Thursday, September 22, 2011

Where is that missing recursive chown for Python

A question from a colleague of mine prompted me on a week long search for a recursive chown for Python. Initially I just thought that it was due to his inexperience that he was unable to find an answer as a recursive chown sounds too easy of a function for Python not to have. Alas, however after on and off scouring the net I found that the closest (and the best) answer to what he was looking for is actually This stack overflow question. Ruby has their built into the Fileutils library which really prompted this post. Also on a less cursory glance I notice that the ruby standard lib has some functions which I really wished Python has which would make a probably transition from my bunch of work horse bash script to a Ruby platform that much easier. They have cp, cp_r and even a diff! Nice! Has there been any attempt of making this easier in Python? If someone knows better please enlighten me, as this just seems too easy for Python not to have.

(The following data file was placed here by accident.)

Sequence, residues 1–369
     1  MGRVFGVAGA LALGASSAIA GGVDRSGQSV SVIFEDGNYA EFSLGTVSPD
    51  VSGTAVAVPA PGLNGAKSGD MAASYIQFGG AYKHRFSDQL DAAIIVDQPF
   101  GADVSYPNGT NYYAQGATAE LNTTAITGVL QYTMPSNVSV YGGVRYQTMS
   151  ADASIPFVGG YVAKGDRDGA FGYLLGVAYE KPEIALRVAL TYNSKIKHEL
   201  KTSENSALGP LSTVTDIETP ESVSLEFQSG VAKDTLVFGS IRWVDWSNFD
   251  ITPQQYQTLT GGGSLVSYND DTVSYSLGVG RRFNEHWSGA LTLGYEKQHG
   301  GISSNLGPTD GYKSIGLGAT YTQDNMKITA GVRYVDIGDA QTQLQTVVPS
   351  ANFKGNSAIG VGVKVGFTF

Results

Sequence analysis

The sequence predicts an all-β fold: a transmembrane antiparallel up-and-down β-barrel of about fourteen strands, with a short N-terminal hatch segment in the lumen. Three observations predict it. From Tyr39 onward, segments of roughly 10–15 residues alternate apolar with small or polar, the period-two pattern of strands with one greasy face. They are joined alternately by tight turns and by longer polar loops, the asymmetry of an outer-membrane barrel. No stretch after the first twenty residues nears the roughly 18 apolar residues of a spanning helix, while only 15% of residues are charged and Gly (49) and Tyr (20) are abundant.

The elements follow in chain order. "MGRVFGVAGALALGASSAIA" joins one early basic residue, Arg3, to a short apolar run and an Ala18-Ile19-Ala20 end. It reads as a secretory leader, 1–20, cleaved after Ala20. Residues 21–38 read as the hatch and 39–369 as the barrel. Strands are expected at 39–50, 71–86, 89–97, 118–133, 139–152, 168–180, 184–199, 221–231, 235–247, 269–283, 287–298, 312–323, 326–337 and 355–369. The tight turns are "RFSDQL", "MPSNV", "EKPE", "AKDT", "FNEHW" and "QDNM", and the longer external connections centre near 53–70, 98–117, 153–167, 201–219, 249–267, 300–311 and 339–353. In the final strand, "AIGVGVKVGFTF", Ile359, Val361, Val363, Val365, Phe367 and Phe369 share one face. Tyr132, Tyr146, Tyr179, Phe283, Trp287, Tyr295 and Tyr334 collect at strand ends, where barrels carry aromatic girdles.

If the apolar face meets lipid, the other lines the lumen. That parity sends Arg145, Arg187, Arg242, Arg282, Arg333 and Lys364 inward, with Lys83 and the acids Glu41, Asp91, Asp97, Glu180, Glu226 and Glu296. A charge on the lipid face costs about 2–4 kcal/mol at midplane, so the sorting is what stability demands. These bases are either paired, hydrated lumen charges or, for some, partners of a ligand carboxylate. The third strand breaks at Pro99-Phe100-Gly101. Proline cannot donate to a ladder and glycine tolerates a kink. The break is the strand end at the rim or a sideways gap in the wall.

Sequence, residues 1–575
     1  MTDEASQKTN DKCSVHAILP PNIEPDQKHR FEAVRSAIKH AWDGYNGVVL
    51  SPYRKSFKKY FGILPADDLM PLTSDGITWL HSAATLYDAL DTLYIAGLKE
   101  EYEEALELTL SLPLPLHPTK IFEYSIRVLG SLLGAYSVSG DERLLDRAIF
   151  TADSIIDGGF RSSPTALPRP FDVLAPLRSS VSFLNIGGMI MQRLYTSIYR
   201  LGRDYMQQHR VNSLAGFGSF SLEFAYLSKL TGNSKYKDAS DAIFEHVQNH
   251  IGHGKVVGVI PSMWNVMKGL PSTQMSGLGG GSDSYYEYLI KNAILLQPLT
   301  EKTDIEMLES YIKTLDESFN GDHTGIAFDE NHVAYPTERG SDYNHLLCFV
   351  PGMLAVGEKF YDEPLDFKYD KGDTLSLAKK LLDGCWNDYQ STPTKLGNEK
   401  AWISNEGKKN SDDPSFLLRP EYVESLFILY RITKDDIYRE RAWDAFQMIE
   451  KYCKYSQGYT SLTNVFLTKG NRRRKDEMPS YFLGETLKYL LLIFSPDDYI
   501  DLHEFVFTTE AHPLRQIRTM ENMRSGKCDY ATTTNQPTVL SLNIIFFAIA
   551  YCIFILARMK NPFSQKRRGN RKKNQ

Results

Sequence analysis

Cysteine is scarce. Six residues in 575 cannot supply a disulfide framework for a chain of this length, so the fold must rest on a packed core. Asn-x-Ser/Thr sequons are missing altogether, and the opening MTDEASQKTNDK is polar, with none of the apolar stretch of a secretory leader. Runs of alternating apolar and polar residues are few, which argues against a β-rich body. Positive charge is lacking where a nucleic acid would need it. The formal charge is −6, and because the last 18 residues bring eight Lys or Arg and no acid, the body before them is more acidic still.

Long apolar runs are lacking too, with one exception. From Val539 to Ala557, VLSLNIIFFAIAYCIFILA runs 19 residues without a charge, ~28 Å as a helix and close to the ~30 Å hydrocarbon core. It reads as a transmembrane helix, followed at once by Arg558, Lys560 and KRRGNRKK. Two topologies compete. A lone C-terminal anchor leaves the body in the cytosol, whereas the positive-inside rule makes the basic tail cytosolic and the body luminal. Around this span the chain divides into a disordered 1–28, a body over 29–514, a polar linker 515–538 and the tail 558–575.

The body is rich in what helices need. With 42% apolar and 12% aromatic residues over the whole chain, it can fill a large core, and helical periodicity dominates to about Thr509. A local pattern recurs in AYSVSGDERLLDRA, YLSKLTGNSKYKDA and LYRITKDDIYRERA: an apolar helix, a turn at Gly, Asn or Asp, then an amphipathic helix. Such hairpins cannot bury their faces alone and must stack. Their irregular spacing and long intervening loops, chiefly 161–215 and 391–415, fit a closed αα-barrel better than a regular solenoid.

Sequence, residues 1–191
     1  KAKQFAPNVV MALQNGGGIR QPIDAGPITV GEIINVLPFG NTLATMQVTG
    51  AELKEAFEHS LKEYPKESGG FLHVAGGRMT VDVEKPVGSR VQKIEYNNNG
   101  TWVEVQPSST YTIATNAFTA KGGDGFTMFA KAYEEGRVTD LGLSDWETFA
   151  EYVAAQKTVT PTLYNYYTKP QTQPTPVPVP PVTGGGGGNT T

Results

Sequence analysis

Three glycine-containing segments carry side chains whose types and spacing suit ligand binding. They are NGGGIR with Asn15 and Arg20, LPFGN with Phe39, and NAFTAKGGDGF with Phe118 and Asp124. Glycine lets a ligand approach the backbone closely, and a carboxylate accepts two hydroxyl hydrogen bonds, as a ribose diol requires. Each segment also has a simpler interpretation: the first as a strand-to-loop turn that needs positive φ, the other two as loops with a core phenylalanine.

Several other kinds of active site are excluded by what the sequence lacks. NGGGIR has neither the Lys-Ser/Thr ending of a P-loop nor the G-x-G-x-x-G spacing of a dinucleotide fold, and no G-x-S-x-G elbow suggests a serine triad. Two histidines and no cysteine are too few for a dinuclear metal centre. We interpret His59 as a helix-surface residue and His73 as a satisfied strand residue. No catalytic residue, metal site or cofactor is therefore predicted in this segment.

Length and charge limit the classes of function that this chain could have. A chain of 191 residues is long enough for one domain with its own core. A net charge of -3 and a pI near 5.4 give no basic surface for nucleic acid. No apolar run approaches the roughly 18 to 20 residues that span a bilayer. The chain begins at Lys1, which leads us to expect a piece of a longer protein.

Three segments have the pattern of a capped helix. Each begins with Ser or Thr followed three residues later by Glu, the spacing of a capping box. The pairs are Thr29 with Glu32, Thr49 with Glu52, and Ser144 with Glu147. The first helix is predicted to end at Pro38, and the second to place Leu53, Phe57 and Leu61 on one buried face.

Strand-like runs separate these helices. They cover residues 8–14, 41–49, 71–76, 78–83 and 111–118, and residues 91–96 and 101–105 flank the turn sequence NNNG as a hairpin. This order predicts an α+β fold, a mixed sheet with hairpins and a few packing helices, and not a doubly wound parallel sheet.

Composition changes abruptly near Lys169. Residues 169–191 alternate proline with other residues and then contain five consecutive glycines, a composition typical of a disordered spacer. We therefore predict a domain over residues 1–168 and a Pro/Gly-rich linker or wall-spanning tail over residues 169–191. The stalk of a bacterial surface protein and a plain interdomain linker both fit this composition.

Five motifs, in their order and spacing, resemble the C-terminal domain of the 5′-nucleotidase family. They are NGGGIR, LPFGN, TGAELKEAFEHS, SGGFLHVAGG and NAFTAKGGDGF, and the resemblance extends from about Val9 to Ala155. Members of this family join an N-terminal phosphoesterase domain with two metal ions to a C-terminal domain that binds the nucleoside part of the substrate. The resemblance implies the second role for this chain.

4 comments:

Pedahzur said...

def recur_chown(starting_dir, uid, gid):
for root, dirs, files in os.walk(starting_dir):
os.chown(os.path.join(starting_dir, root), uid, gid)
for f in files:
os.chown(os.path.join(starting_dir, root, f), uid, gid)

Five lines of Python, not tested (although the white space and wrapping probably didn't come through properly). There are much more complex things that could be arguably made "built ins." Not sure that function is one of them.

ΤΖΩΤΖΙΟΥ said...

import shutil

shutil.copyfile for cp
shutil.copytree for cp_r

and then there is difflib.

Petri Lehtinen said...

Recursive chown was discussed a while back on python-dev mailing list here.

An issue was never opened, though, so maybe you should open one?

lowks said...

I have created a report for this. Thanks Petri for the link.

http://bugs.python.org/msg144439